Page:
"Hillary would be a horrible president. The only thing she's got going is the woman's card." That, of course, is Donald Trump, the Republican "presumptive nominee" and freshly minted Tele-Prompter-reading-school graduate, who used the occasion of his five-state-victory-speech this Tuesday to conk his blonde competitor over the head about gender.
At first, I shied away from watching "Confirmation," the HBO docudrama about the 1991 Anita Hill-Clarence Thomas Supreme Court hearings. For the real thing, I remember being glued to the tube for a solid week, horrified and angry, and those feelings are still visceral.
It's always heartening to dig up some historical pop cultural artifact, not only to try to understand its significance at the time, but also to see what it has to say about our lives today. Or at least that's my official journalistic excuse for devoting a column to the topic of Coke's "Hilltop," the now 45-year-old, syrupy, award-winning, monster hit from McCann-Erickson.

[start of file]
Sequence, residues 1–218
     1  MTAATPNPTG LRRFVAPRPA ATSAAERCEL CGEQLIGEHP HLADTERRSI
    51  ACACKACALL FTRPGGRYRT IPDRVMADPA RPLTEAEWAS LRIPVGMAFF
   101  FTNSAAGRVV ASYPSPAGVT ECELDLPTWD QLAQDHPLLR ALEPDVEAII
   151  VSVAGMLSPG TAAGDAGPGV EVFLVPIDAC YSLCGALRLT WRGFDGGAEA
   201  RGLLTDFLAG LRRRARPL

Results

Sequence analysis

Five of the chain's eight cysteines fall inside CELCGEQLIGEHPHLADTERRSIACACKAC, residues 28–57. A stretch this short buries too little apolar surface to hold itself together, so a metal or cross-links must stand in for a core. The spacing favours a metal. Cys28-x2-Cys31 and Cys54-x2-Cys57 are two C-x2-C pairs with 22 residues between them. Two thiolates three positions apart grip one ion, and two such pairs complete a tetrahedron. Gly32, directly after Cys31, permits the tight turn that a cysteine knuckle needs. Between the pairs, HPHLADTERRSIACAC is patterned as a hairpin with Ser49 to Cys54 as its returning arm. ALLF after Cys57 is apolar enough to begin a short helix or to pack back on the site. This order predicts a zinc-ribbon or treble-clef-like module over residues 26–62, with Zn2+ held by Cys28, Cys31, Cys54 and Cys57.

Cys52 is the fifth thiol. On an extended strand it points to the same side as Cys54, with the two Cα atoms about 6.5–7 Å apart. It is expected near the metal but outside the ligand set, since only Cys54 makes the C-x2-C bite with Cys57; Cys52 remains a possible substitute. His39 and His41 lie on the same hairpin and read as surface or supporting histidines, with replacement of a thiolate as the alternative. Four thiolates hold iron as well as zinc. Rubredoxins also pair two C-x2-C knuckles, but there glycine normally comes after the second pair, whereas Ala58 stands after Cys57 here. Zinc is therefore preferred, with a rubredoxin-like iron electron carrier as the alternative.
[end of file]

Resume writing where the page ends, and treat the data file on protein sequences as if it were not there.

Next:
Armed with a yellow highlighter, and determined to distill the important insights in this important, almost 400-page book, I dove into the recently published "American Girls: Social Media and the Secret Lives Of Teenagers" by Nancy Jo Sales. But I couldn't even get through the introduction without coloring almost all of the text.